Internet Marketing Strategy

Introduction to Conversion Optimization: SES Toronto Presentation by Jason Wells

At SES Toronto this week I had the pleasure of moderating the panel discussion on conversion optimization.  I already posted about Gary’s Presentation on 20 Optimization Tips, so today I wanted to share with you tips from Jason Wells, CEO of ContactPoint.

Jason set the stage at #SESTO by sharing information about what a conversion rate is and why it matters.

What is a Conversion Rate Anyways?

According to Jason, conversion rate is the most critical statistic in marketing because it is directly tied to profits.  It is a direct measure of effectiveness.

Conversion rates are the % of people that DO SOMETHING you want them to do… having them visit your website isn’t enough – what ACTION do you want them to take that will lead to a sale? What do you want people to do? Fill out a form, request a demo, call you, etc.

The key is using a path of conversions leading someone to a sale.  From a marketing perspective you think of it as: 1) Marketing Qualified Leads, Sort of Sales Ready Leads and Sales Ready Leads.

Average conversion rates are between 1% an 10%, but a GOOD conversion rate is simply one that is improving.  Conversion rates can vary dramatically depending on the type of conversion, and how far along someone is in the buying process.

In his experience at ContactPoint, white paper landing pages averaged a 41% conversion rate where as request for demo landing page averaged a 7.5% conversion rate.  Since each rate is at a different stage in the purchase cycle, you can’t exactly compare them.

Conversions are a Process

Most people don’t buy immediately – the goal is to create a series of actions that ultimately lead to a purchase. After each conversion should be another conversion that reflects where someone is moving in the buying cycle.  For example, from a white paper, they should then get the opportunity to get a next step that is appropriate – like request a demo.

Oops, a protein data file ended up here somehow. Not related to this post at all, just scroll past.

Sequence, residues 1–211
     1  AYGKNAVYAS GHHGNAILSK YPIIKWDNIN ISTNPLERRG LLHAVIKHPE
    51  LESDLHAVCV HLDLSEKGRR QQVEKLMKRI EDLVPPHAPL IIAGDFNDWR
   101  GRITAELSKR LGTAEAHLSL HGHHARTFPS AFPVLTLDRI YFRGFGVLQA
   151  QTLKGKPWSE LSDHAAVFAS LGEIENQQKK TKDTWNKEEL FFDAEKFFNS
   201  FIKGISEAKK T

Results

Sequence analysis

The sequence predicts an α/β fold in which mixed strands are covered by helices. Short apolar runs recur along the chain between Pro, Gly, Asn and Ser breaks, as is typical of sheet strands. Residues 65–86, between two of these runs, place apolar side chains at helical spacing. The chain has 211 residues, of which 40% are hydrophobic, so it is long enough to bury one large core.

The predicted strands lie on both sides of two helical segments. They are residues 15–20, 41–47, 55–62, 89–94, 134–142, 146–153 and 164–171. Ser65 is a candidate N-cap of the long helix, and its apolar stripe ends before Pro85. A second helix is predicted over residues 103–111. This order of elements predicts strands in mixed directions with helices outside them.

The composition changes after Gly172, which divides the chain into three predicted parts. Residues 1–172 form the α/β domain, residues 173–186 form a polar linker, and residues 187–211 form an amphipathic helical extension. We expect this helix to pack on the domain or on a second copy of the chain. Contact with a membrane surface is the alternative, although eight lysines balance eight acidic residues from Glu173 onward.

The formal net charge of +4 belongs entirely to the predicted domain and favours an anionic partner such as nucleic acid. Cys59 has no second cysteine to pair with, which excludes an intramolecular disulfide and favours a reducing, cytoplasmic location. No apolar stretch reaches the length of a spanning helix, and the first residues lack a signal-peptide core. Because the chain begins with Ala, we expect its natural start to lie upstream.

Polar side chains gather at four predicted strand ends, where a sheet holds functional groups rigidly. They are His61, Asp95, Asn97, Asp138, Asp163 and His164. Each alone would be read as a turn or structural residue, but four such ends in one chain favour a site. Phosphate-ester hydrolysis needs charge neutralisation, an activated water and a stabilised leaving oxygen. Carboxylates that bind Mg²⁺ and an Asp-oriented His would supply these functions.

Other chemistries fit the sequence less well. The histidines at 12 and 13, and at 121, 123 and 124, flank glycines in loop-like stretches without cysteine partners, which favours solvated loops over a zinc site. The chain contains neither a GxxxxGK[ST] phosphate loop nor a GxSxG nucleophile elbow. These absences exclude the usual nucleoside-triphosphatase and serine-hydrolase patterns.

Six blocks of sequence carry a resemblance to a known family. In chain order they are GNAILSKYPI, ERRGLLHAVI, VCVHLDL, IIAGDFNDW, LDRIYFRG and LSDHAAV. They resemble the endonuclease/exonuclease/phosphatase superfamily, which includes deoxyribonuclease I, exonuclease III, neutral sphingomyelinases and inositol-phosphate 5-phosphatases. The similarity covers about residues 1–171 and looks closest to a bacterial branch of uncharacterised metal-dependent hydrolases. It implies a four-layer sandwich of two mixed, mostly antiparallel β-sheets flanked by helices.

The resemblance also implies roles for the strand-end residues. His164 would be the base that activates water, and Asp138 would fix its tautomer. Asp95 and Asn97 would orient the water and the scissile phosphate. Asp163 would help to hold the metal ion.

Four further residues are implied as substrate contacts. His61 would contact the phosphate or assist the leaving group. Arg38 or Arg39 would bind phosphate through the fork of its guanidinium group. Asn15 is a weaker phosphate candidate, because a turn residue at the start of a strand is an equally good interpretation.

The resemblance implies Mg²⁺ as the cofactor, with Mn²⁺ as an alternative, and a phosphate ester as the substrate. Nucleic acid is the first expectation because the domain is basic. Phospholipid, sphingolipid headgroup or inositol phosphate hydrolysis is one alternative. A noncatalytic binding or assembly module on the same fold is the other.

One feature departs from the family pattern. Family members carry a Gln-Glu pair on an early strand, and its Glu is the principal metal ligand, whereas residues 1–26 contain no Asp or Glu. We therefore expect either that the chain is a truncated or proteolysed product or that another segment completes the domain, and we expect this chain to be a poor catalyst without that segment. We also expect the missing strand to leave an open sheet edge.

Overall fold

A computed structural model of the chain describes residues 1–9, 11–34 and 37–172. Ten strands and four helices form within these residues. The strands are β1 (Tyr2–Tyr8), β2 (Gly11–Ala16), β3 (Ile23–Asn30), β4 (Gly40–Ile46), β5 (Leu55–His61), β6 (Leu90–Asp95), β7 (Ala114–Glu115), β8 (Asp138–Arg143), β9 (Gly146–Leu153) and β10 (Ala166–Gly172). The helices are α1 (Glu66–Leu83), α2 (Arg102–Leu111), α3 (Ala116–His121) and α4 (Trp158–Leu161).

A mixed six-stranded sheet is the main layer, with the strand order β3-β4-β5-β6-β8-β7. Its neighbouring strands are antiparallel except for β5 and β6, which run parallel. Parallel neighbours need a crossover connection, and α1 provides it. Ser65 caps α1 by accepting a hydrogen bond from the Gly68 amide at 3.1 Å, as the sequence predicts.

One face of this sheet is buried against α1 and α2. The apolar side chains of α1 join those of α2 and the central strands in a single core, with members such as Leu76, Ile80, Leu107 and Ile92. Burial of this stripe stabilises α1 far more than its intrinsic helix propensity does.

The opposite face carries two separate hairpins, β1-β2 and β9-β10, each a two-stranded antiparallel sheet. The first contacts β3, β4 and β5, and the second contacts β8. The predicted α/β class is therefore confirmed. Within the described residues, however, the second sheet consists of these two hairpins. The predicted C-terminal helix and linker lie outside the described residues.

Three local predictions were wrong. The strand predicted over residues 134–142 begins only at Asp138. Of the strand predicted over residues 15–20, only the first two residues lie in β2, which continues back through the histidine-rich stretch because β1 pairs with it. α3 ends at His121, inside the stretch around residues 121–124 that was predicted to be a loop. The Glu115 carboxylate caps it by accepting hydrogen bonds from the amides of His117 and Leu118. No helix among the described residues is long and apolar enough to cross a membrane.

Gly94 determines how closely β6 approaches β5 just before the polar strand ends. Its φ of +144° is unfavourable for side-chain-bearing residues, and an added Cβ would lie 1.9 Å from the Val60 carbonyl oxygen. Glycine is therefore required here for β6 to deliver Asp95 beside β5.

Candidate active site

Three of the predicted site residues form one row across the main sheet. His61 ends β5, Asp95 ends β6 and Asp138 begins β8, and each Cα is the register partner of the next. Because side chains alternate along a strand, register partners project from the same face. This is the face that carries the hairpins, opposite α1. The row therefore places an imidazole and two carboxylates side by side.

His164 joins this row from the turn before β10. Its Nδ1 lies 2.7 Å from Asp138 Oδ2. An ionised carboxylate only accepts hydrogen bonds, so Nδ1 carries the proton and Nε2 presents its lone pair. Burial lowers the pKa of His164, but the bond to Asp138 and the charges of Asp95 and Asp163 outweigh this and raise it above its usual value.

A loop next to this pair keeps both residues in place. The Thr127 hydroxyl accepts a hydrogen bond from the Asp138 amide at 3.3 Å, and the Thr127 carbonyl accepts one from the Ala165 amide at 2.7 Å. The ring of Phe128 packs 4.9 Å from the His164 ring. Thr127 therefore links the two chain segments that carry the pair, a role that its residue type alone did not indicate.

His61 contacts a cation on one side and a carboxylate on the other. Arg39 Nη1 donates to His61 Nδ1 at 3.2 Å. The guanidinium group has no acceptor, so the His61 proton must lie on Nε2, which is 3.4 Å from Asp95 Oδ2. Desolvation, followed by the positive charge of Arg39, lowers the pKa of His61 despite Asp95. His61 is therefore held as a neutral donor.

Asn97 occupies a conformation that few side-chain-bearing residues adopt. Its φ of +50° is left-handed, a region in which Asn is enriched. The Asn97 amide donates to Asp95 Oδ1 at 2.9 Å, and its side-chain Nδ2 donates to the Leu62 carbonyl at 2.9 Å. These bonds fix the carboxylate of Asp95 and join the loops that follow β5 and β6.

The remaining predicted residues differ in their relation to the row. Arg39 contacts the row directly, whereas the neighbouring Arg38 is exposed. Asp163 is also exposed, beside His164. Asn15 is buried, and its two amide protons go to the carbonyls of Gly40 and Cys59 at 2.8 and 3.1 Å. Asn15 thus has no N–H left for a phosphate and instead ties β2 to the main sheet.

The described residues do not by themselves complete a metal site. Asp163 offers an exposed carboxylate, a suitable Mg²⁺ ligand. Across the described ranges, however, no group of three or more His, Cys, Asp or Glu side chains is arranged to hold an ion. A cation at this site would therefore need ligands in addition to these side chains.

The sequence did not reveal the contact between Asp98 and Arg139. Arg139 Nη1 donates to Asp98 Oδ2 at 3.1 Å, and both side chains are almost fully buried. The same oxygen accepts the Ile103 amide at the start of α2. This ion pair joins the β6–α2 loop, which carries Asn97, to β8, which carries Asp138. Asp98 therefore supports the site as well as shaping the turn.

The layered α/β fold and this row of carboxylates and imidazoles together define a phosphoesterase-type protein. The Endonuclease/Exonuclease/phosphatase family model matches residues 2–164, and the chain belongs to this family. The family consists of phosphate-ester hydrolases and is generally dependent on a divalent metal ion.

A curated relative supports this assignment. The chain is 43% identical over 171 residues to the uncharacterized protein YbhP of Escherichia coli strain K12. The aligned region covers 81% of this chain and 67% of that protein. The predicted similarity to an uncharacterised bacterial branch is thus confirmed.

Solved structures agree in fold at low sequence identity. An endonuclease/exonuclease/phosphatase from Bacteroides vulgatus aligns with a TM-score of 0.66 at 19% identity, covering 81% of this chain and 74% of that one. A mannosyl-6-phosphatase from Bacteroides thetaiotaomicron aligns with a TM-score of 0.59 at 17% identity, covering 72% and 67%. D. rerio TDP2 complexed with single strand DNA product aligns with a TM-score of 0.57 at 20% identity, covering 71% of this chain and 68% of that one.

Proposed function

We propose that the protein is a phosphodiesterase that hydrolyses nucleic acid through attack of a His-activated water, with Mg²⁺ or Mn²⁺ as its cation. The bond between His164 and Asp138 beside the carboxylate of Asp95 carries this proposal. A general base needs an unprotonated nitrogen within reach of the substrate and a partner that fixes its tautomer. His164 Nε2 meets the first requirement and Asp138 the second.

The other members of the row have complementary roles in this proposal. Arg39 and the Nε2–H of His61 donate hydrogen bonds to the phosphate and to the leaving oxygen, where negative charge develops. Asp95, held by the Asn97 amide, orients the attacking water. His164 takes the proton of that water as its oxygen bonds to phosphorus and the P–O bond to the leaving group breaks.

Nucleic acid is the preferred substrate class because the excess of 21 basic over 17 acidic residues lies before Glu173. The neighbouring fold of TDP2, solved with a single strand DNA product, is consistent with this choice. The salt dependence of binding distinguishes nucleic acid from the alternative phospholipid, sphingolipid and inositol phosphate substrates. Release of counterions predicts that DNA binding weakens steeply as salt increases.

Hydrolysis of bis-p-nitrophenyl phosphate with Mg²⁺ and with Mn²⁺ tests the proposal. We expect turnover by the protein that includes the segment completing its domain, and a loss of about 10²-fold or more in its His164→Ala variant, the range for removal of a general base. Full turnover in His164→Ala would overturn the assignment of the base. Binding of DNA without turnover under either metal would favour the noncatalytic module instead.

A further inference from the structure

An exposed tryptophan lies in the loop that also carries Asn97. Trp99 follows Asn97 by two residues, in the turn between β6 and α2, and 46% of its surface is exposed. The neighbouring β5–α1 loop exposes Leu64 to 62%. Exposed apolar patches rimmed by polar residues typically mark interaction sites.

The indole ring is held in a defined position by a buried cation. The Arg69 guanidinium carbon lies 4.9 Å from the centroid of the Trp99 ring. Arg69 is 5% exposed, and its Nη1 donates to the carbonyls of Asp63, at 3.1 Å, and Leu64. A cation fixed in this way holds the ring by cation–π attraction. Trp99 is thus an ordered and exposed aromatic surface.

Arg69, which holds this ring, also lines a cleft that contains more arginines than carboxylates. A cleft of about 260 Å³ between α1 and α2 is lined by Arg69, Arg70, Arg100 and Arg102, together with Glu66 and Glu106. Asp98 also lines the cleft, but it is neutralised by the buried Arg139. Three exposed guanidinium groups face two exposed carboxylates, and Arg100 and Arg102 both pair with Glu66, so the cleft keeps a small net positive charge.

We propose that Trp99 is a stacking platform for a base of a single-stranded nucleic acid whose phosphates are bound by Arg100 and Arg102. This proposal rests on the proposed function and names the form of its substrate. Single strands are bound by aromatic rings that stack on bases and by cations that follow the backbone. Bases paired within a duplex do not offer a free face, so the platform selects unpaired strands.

Utilize all of the real estate that you have.  Every time you have someone infront of you, give them the opportunity to convert and take an incremental action.

Also, forms are typically more effective than buttons (because they can be completed immediately).

Steps to a strong Conversion Plan

1) Goals

– What do you want to achieve

– How difficult is it?  Do you need to have smaller goals to get someone to the final objective?  Do you have to offer them something?

2) Headline

– Clear, concise

3) Crips Copy

– Journalists rule – as few words as possible

4) Call-to-Action

– Make it crystal clear – what do you want the visitor to do?  What are they getting in return?

5) Fields

– How many is too many?

– Stepped collection of data – start wiht the least amount of data

– Make the first step easy and then ask for more information afterwards

6) Phone Numbers

– Include a phone number on your landing page

Additional Tips and Stats

  • Forms on the LEFT SIDE OF THE PAGE have a 5% – 10$ lower conversion rate than forms on the right
  • Green buttons are more effective than red 21%
  • Free increases about 4%
  • Adding an arrow increases 20%
  • Feel like they got a deal increases conversions
  • Creating time constraints increases conversions
  • FireFox example: Changed from “Try Firefox” to “Download now – FREE” – Increased 3.6% CTA because it is an ACTION WORD
  • The more touches you have, the higher your conversion rate will be.
  • Retreat offers – when they navigate away from the page, you can give them a new offer.  If they are about to leave, you give them another offer.  You are overcoming their objections with another offer.
  • Conversion rates are a process, not just about getting a better landing lage.
  • Difference businsess will have different calls to action – measure the effectiveness of each – Donwload, demo, trial, purchase.

 

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